We continue our Nexus 10 review with a look at the cameras, software and battery life.
Google Nexus 10 review: Cameras
If you don't mind looking a bit odd when taking photos with a 10in slab of glass and plastic then the Nexus 10 has a good-quality 5Mp rear facing camera with an LED flash. It can shoot video footage up to full HD 1080p quality.
There are a few simple settings within the camera app like exposure and white balance but you can go to town afterwards. The built-in editing software allows you to crop and tweak photos plus add Instagram style filters and frames. Like the Nexus 4, there is the new Photo Sphere mode for 360 degree panoramas.
The front facing camera can take still photos at 1.9Mp or shoot at up to 720p for tasks like video calling. It provides the kind of high-quality image you'd expect from a top-end tablet.
Google Nexus 10 review: Software
In the Android world, a Nexus device is a sure fire way to get Google's latest operating system. It also means you're top of the list for updates when future versions are released. This makes the Nexus 10 more attractive than other Android tablets.
See also: Add Flash to Android.
Android 4.2 Jelly Bean is the latest version of the OS and the Nexus 10 has the pure vanilla experience which Google intended. Ie. Without the clutter and bloatware which other manufacturers can so often add on.
The user interface is fluid and has the familiar set of homescreens, permanent Google search bar and customisable app tray. You can setup the Nexus 10 how you like with app shortcuts, widgets and wallpapers.
Since Android 4.1 Jelly Bean, there have been features such as expandable and actionable notifications, offline dictation and Google Now. These are all present in version 4.2, of course, and Google Now has new information cards like package tracking and hotel bookings.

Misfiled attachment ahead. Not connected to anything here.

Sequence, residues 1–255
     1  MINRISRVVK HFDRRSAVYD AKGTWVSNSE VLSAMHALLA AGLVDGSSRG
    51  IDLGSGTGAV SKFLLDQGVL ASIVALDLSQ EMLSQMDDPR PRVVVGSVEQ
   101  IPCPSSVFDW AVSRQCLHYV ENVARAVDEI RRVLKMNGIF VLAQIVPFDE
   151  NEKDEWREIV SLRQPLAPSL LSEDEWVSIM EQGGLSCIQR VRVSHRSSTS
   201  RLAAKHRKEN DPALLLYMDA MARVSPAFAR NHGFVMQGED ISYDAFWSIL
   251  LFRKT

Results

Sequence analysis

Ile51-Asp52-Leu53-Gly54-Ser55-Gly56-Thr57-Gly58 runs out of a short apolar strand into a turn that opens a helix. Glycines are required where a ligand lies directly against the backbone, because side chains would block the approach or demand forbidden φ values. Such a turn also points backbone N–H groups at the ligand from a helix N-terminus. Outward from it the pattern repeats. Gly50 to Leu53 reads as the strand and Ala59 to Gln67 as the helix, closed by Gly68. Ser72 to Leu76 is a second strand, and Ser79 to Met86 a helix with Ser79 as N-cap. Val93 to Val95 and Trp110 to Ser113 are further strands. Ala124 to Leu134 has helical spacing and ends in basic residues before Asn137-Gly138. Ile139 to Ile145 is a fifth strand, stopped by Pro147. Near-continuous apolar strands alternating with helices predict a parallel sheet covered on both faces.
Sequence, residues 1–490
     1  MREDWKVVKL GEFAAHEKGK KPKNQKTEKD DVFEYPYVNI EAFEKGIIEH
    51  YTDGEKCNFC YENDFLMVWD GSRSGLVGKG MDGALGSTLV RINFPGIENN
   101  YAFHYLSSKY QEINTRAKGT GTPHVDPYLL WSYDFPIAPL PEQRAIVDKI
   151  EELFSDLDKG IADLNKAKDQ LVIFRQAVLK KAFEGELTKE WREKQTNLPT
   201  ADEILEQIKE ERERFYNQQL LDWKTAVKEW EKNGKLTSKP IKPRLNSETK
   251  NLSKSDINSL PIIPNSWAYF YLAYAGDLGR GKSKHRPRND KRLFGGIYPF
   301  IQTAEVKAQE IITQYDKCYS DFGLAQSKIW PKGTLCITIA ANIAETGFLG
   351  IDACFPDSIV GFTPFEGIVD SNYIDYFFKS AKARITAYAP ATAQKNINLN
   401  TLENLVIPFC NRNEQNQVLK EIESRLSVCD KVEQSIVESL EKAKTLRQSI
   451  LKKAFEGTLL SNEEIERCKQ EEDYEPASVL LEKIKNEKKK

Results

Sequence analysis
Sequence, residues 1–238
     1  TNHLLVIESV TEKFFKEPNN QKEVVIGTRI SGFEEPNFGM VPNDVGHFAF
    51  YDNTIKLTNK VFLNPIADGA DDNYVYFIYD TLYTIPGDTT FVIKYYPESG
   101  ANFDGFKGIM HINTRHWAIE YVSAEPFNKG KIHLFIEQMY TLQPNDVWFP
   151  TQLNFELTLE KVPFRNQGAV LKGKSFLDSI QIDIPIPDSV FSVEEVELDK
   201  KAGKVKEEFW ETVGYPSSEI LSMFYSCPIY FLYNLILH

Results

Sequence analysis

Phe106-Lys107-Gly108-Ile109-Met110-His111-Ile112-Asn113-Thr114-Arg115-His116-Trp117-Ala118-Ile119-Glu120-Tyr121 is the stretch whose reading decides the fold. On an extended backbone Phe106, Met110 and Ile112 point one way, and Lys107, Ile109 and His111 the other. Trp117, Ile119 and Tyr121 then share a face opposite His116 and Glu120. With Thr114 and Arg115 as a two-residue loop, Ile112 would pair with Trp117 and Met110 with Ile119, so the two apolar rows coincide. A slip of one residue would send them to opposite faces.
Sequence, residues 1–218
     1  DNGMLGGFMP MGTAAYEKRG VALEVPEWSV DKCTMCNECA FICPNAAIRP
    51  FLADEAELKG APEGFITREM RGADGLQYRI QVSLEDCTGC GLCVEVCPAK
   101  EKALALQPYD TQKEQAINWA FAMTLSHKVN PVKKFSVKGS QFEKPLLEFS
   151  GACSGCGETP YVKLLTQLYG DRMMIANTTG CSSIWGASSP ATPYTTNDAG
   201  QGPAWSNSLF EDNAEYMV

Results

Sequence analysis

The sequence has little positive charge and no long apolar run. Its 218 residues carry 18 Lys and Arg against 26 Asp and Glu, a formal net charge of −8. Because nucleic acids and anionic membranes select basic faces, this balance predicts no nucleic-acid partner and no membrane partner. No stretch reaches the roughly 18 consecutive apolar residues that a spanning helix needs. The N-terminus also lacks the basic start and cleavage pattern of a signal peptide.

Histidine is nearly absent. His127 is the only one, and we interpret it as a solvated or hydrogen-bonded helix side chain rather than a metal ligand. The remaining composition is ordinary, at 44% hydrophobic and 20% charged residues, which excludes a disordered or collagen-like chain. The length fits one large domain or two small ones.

Android 4.2 Jelly Bean has a few new features, some especially handy for tablet users. The best is being able to have multiple users on one tablet. You can easily switch between accounts without having to log out and log in. Each has their own apps, widgets, wallpaper and layout.
The interface now has two pull down bars – swipe downwards from the left hand side of the screen and you get the regular notification bar, swipe from the right and you get a new quick settings bar.
Certain widgets can now be displayed on the lockscreen in a rotating carousel. This gets you information such as new emails and your calendar quickly but at the cost of anyone being able to view the content without needing to unlock the tablet.
A real boon of a feature is gesture typing on the keyboard. This means you can swipe around the keyboard with one continuous gesture for each word you type, spaces are added automatically. It's much easier and faster than typing on the large keyboard with one hand. Alternatively you can use voice dictation.
It's not all plain sailing, though. Previous versions of Android for tablets have displayed the navigation buttons – home, back and recent apps- in the bottom left of the screen and notifications in the bottom right. However, 4.2 shows the navigation buttons centralised at the bottom of the screen with no option to move them anywhere else.
Google Nexus 10 review: Battery life
The Nexus 10 has a 33.3Wh (9000mAh) battery which promises up to nine hours of continuous video playback. We've found the battery life to be outstanding, similar to that of the iPad.
With general every now and then use, the Nexus 10 will last at least a few days if not a week or two. Of, course if you use it solidly then you're going to need to charge it much soon. The point is, that device offers the kind of good battery life that you would expect from the high-end tablet.
Our colleague, JR Raphael from Computerworld US said: "I found the tablet's stamina to be top-notch; even with moderate to heavy use, I was often able to go a solid few days between charges."
On the next two pages, you can read JR's review of the Nexus 10.